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January 17, 2001 | ERIC LICHTBLAU, TIMES STAFF WRITER
Attorney general nominee John Ashcroft, facing what he called a "machine gun of charges" at the start of his Senate confirmation hearing, declared Tuesday that "the law is supreme" and vowed to resign if his personal beliefs ever prevented him from upholding it. The former Missouri senator also pledged to respect Roe vs. Wade and related abortion decisions as "the settled law of the land," and to protect all Americans from discrimination without regard to race, gender or disability.
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NEWS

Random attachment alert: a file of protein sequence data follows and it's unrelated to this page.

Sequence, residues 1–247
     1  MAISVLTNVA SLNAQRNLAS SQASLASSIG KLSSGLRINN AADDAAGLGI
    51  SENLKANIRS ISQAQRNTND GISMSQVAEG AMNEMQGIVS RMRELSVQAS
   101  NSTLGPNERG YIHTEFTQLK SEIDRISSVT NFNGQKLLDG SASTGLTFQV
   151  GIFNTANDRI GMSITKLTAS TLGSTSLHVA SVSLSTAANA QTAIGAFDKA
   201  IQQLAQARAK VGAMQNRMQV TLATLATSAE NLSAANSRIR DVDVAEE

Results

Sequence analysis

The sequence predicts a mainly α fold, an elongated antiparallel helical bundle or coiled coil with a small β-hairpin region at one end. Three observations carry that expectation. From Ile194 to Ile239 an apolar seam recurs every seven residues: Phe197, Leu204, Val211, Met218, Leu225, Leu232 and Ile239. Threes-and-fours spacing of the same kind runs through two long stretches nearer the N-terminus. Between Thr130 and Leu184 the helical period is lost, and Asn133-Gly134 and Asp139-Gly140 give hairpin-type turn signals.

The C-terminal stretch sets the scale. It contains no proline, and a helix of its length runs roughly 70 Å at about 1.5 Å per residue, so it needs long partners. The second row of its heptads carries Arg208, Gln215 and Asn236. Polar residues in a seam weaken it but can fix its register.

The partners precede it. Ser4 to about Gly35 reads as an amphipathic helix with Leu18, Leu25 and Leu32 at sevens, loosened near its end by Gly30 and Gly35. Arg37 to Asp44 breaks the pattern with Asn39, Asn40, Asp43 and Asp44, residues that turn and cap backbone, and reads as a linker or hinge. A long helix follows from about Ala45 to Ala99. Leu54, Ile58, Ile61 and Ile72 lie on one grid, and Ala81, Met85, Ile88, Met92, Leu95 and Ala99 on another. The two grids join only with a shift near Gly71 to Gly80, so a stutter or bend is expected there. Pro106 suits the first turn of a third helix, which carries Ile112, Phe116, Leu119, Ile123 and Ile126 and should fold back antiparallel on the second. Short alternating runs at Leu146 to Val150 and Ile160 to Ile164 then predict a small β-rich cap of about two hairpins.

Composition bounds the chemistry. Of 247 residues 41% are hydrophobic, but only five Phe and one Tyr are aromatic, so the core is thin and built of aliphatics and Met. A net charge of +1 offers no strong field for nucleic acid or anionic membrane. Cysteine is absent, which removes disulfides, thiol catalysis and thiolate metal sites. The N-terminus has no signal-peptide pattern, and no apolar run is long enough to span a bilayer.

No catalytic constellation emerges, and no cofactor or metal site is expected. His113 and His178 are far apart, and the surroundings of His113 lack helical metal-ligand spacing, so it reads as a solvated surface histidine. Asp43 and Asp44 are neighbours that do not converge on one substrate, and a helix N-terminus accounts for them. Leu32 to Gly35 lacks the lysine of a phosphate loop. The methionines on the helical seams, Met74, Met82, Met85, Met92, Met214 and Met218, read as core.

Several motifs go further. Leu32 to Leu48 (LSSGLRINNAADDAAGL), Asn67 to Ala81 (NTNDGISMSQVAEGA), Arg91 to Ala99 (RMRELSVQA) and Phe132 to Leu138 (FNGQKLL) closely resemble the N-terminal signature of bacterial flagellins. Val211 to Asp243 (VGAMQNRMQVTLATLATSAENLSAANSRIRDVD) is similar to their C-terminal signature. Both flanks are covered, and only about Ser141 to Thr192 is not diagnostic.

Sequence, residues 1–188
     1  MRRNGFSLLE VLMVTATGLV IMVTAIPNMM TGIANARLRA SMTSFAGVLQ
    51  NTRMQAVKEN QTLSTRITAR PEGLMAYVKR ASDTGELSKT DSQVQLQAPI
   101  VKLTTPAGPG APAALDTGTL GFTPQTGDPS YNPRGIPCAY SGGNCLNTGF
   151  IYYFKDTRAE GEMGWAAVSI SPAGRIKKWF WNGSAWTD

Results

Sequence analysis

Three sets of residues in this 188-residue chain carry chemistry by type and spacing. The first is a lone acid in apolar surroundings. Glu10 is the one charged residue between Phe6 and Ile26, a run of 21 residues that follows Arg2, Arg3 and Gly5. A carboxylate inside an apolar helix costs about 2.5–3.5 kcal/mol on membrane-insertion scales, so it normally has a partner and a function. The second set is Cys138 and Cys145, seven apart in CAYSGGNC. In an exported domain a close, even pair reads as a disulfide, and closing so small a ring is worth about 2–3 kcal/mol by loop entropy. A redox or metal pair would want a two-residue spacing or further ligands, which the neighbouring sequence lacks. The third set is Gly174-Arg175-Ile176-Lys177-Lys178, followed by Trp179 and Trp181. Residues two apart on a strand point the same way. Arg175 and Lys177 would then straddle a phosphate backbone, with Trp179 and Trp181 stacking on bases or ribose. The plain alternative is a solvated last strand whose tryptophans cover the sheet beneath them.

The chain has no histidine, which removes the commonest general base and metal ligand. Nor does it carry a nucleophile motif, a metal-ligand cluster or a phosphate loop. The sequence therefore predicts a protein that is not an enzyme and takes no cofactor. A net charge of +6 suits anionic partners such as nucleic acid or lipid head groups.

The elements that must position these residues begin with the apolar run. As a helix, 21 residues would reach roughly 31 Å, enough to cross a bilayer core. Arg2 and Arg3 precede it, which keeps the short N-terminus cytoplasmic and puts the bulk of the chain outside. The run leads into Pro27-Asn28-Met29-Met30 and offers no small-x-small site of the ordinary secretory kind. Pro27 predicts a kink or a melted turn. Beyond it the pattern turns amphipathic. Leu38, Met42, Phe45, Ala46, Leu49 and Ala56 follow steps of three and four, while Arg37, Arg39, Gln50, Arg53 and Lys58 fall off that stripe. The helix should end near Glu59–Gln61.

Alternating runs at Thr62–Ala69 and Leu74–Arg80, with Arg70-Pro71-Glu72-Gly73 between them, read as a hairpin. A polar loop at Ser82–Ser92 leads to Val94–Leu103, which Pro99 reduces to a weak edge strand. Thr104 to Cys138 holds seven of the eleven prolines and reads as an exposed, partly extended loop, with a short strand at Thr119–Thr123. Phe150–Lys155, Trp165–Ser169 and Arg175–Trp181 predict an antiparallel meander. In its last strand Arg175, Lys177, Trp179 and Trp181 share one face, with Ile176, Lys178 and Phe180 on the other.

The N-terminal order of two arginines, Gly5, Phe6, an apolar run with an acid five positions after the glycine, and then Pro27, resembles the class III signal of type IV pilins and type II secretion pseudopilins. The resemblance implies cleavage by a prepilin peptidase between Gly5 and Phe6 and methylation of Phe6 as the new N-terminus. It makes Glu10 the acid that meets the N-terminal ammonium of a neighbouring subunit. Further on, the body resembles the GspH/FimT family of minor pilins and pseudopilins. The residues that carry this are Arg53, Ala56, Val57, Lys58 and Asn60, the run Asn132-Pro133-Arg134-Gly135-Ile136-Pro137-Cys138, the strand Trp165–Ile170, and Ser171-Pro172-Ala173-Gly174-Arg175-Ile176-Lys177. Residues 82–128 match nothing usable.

January 17, 2001 | ERIC LICHTBLAU, TIMES STAFF WRITER
Attorney general nominee John Ashcroft, facing what he called a "machine gun of charges" at the start of his Senate confirmation hearing, declared Tuesday that "the law is supreme" and vowed to resign if his personal beliefs ever prevented him from upholding it. The former Missouri senator also pledged to respect Roe vs. Wade and related abortion decisions as "the settled law of the land," and to protect all Americans from discrimination without regard to race, gender or disability.
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NEWS
May 27, 1993 | DAVID G. SAVAGE, TIMES STAFF WRITER
On Nov. 9, 1987, the Supreme Court was faced with a clear-cut decision. William W. Thompson sat on Oklahoma's Death Row, awaiting execution for a murder he committed when he was 15 years old. Could the state put Thompson to death, or is it cruel and unusual punishment to execute someone so young?
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